Forensic Entomology:Forensic Entomologists:To provide information for criminal investigations, Forensic entomologists apply their knowledge of entomology.Job of forensic entomology are as follows:•The various stages of insect life cycle are identified as eggs, larva and adults.•The evidences are collecting and preserving the insects.•Determining an estimate for the postmortem interval or PMI (the time between death and the discovery of the body) includes using factors such as insect evidence, weather conditions, location and condition of the Blow flies which are attracted to dead bodies and often arrive within minutes of the death of an animal. They have a complete life cycle that consists of egg, larva, pupa, and adult stagesThe Life cycle of a Blow Fly:The adult flies lays eggs, around the openings of the dead body like eyes, nose, ears, anus etc or the wound areas. Then, within 1 or 2 days, the eggs hatch, this stage is called the maggots (larva). This continues to grow, the exoskeletons undergoes multiple stages called instars.Within 20 hours it grows into 5 mm long, then it grows into 10 mm in 2½ days, and then around 16mm long in 4 to 5 days. Then, with the help of surrounding soil and burrow this 17mm long larvae becomes pupa. Then, after 6 to 8 days, the adult flies come out of the pupa cases.

Don't lie or else you too will get a long nose like Pinocchio!

CitationsSource A: http://sciencespot.net/Pages/classforsci.htmlSource B: http://www.apa.org/monitor/julaug04/detecting.aspxSource C: http://www.exploreforensics.co.uk/forensic-cases-murder-leanne-tiernan.html

Hair & FibersHairs and fibers can be very useful in solving a crime. Hairs are made up of keratin, which is also the main substance in toe nails and fingernails. Hair can also be tested for DNA. But for this, the roots must be present. This one type of DNA, Mitochondrial DNA, can be tested even if the root is absent. Now let’s talk about fibers. Fibers are the smallest type of fabric material. These help because during murder cases and so, fabrics from the murders shirt might stick onto the victim’s clothing. Using this fiber, crime scene investigators can track down the murder and arrest him!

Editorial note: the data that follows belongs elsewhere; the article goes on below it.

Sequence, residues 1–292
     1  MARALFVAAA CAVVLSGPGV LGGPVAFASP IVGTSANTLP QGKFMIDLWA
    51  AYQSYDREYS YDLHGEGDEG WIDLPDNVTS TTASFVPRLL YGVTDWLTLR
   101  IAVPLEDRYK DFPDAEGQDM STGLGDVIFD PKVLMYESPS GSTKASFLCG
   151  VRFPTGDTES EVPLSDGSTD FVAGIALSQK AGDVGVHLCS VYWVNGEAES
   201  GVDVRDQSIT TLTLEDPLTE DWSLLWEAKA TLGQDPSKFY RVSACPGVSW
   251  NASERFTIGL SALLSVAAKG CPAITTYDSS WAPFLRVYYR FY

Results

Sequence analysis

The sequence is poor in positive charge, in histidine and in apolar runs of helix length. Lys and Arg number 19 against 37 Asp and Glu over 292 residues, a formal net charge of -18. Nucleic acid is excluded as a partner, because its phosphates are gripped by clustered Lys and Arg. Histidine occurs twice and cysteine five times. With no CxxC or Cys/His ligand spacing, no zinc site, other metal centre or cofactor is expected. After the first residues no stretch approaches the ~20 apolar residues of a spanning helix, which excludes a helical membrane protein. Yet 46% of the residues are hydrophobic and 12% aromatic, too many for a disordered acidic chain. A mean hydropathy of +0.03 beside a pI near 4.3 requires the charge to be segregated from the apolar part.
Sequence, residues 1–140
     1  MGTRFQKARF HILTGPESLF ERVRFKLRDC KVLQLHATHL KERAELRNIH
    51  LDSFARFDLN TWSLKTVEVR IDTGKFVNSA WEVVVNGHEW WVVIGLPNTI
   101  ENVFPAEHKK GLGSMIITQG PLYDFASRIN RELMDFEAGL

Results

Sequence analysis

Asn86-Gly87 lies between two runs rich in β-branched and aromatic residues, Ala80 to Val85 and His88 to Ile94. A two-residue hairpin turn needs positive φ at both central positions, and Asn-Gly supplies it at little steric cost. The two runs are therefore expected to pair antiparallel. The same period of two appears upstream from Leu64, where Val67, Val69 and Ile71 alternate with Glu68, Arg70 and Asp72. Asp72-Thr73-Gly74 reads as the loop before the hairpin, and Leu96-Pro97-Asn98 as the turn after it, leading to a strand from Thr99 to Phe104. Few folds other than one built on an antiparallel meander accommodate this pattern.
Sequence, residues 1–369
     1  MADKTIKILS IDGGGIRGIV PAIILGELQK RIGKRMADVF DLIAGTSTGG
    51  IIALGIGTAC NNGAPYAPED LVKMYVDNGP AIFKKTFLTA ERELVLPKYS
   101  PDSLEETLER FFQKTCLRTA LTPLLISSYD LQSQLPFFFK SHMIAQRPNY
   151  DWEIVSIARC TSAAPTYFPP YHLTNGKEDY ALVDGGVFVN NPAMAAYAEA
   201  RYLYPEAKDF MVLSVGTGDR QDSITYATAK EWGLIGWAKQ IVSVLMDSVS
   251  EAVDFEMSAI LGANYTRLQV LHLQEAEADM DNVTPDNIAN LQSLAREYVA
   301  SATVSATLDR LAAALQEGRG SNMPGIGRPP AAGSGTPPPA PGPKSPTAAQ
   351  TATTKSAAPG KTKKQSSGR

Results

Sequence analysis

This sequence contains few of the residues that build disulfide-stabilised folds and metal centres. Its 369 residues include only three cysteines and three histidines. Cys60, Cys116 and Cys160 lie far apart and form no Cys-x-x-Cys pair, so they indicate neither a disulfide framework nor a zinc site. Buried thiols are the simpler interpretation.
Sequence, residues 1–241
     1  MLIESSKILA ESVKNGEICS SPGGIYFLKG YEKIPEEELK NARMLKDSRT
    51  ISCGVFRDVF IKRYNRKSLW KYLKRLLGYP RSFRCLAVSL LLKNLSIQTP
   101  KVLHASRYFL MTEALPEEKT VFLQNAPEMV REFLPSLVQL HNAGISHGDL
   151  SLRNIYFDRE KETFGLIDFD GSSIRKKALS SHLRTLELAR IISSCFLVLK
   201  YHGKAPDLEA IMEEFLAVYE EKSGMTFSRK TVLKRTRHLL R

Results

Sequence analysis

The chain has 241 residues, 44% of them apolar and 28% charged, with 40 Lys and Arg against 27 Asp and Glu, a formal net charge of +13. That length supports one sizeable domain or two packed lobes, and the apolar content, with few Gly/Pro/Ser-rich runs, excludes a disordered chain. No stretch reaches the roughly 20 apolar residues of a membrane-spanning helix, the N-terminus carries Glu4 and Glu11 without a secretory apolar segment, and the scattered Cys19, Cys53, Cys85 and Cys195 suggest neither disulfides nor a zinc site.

Chromatography“Chromatography is the physical separation of a mixture into its individual components” (Source A, Chromatography PPT).Examples:Liquid ChromatographyUsed to identify undiscovered pigments in a plantThin-Layer ChromatographyThin plastic or glass trays are used to identify how many pigments and chemicals are made.Gas Chromatography:Used to determine what chemicals a material is made ofPaper ChromatographyUsed to separate components of inks, dyes, etc.

Forensic Glog!!By: Keerthana Balaji

Deceptions and LiesHow can you tell if someone is lying or not? Well, the first clue is facial expressions. Liars tend to act less fidgety but they don't really blink or sit straight and calmly. Not only will facial expressions give it away but, investigators will also closely watch the language and the way the deceptionist is speaking. According to Bella DePaulo and Wendy Morris " 'Liars' answers sound more discrepant and ambivalent, the structure of their stories is less logical, and their stories sound less plausible,' they say. Liars also use fewer hand movements to illustrate their actions but are more likely to repeat words and phrases" (Source B). While writing, liars avoid talking about themselves or anything related to them. Other than this liars use many words like hate, against, dissapointed, because it has been noted that fibber is generally very anxious and guilty. As you can see, figuring out who is a truthteller an is a prevaricator is not that hard!

The Murder of Leanne TiernanHow would you feel if you were just randomly walking your dog and then you randomly approached a dead body. Well that's what happened with this man. While walking his dog, he approached 16-year old Leanne Tiernan who was laying on the floor dead with "a black plastic bag over her head, held in place with a dog collar, with a scarf and cable tie around her neck, and cable ties holding her wrists together. Her murderer had then wrapped her body in green plastic bin liners tied with twine" (Source C). After seeing this, he had told the police and the investigation had begun. When the police were tracking down all the supplies, they saw that the dog collar was originally owned by a poacher named John Taylor who was seen in the woods often. The twine that was used in the murder, is a rare kind that is used for rabbit hunting. The same kind of twine was found in John Taylor's house. The investigators also found some hairs on the scarf. When they examined it for DNA, they found that the DNA matched John Taylor's DNA. As more and more evidence was found, John Taylor visit to jail became closer. Finally, in October 2001, John Taylor was arrested and put in jail for 2 life times.